From DT Online
Dovetail Joints are one of the strongest joints for box or carcass construction and can only be separated in one direction. There are Dovetail type variations for several framing joints (e.g.see Halving, Housing and Bridle Joints). In addition, Dovetail shaped Keys can be used to reinforce joints (e.g. Mitre Joints).
Increased use of Manufactured Boards, modern adhesives and the development of new technologies such as the Biscuit Joint makes the cutting of most traditional wood joints less cost effective, but hand-cut joints still have a place in high-quality cabinet work and especially if the joint is used as a signature part of the design or a decorative feature. The illustration shows Single and Multiple Dovetails and both Through Dovetails and Lap Dovetails.
The two main parts of the joint are:
- the Tails, which are cut with the Grain on the end of one of the joining pieces;
- the Pins, which are cut into the End Grain of the other.
In the case of both Through Dovetails and Lap Dovetails the shape of the Tails can be seen and used to decorative effect. This can be enhanced if the size and/or depth of Tails is varied, if narrow Pins are cut in relation to the width of Tails or if contrasting timbers are used.
- The joining pieces are prepared as normal and marked with Face Side and Face Edge marks.
- The thickness of the timber to be joined is marked out across each board.
- The Tails are set out and their angle marked with a Bevel Gauge (alternatively, a Dovetail Template may be used) and Squared across the end using a Try Square.
- The distance between Tails (i.e. the Pins) can be about ¾ the thickness of timber and their width 3 times the thickness, but this is often varied - thinner Pins for aesthetics or equal Pins and Tails for maximum gluing area.
- A Marking Knife is used with a Try Square (alternatively use a Cutting Gauge) to scribe an incised line across the waste marking the Pins to ensure a clean cut.
Sawing the Tails
- Saw the down the waste side of the Tails using a Tenon Saw.
- Position, re-position and reverse the work-piece in the Vice to ensure the saw is used vertically and the waste is always on the blind side.
- Position the work-piece vertically in the Vice and cut across the bottom of the waste using a Coping Saw.
- Finish the Tails by scribing across the edges of the work-piece, Pare with a Chisel to cut a shallow 'Vee' groove across the line of the shoulders, and saw out with a Tenon Saw.
Marking the Pins
- Hold the Tails on the end of the second piece of timber and use this as a Template.
- Use a Scriber, Marking Knife, Penknife, Craft Knife or very sharp pencil to mark the Pins on the End Grain.
- A traditional alternative is to delay cutting out the waste between the Tails and use their saw cuts to locate a Tenon Saw which is then drawn out to mark a line as shown.
- (an even older method, is to use a Pounce-Bag instead of a saw. This is a small, fine cloth bag filled with powdered chalk. When tapped on top of the saw cuts, chalk dust falls through and marks the lines required)
Cutting the Pins
- Position the work-piece vertically in the Vice and saw down the waste side of the Pins using a Tenon Saw.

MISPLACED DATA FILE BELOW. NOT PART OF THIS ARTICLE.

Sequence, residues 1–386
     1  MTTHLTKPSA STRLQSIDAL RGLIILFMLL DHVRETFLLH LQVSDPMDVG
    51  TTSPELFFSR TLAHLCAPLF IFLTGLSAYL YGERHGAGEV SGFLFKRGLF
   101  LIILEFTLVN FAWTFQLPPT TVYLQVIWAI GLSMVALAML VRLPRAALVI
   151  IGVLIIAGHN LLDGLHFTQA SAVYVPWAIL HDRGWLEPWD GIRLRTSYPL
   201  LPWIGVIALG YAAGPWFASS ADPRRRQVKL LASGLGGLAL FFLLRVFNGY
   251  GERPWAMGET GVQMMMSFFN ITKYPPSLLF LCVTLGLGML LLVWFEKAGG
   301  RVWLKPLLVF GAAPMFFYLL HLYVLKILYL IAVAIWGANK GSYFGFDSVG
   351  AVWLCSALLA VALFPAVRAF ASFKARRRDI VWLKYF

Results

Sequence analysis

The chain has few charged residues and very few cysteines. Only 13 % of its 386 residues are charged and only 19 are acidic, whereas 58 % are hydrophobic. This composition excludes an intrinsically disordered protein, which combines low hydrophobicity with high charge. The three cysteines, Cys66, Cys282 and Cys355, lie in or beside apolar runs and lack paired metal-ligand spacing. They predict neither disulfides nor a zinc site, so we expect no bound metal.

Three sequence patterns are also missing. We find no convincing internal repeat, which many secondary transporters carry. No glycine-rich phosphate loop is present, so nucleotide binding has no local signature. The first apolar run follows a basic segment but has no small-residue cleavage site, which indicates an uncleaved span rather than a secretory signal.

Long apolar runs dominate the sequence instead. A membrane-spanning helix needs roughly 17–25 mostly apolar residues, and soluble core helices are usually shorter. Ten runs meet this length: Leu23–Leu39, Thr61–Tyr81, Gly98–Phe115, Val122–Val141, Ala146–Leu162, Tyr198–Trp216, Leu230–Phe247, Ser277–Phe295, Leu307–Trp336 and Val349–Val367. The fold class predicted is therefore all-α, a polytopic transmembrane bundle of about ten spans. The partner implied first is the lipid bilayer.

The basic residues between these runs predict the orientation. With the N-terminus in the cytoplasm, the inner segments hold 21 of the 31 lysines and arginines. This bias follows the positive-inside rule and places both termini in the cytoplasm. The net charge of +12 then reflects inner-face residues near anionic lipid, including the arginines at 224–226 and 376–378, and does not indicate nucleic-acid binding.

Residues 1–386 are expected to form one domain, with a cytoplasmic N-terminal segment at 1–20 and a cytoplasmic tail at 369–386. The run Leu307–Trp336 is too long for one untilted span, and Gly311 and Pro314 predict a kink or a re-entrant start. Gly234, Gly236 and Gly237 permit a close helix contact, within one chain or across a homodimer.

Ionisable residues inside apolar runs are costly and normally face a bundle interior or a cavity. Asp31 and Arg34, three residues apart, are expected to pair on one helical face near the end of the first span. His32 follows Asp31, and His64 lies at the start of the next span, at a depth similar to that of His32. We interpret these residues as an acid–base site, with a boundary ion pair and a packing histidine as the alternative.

- Cut across the bottom of the Pins using a Coping Saw.
- If needed, line up the bottom of the Pins with a scrap of suitable thickness timber placed behind the work-piece and use this a a depth stop to guide the blind side of the saw.
Cutting Pins for a Lap Dovetail
- Lap Dovetails are commonly used in drawer construction. The lap prevents End Grain showing on the drawer front and the Tails provide resistance to joint coming apart as the drawer is opened and closed.
- Tails are cut as normal and marked on the End Grain of the second work-piece as before - but aligned with the lap.
- A Tenon Saw is used at an angle to saw along the lines marking the pins as far as possible.
- The waste can then be removed by using a Chisel and Mallet - optionally, the end of the waste can be removed first drilling along the end with closely space holes.
- Finally, the Pins are Pared down to the lines.
Note: Whether Tails or Pins should be cut first is often a matter of debate and ultimately a matter of personal choice, but the view of DT Online is that it is easiest to cut Tails first for Through Dovetails and Lap Dovetails but Pins first for others.
- Good tools will last a lifetime - buy the best you can afford!
Using a Router and Dovetail Jig
- Dovetail Jigs enable the two pieces of timber making the joint to be clamped together with a Template comprising a series of equally spaced guide slots. A Router equipped with a Dovetail Cutter is simply passed along each slot in turn to cut both halves of the eventual Dovetail Joint.
- The bottom of the Pins are left rounded by the action of the cutter which is hidden by the lap of Lap Dovetails.
- Dovetail Jigs produce equal size Pins and Tails.
Safety Point! All high-speed woodcutting machinery is dangerous. Routers must only be used by trained adults or trainees under direct supervision by specifically trained staff.
Other Types of Dovetail
- Secret Lap Dovetail
- (aka a Double Lap Dovetail) these have laps covering both Tails and Pins such that only a thin strip of End Grain shows.
- Both Tails and Pins are cut in the same way as Pins are cut for a Lap Dovetail.
- Secret Mitred Dovetail
- These are similar to Secret Lap Dovetails except both laps are extended and Mitred where they meet.
- In addition, an allowance is left on the edges of the work-pieces and this too is Mitred such that, on assembly, the Secret Mitred Dovetail looks just like a plain Mitred but is, of course, much stronger.
Both these secret Dovetails are used in the highest quality cabinet work and in jewellery boxes for example.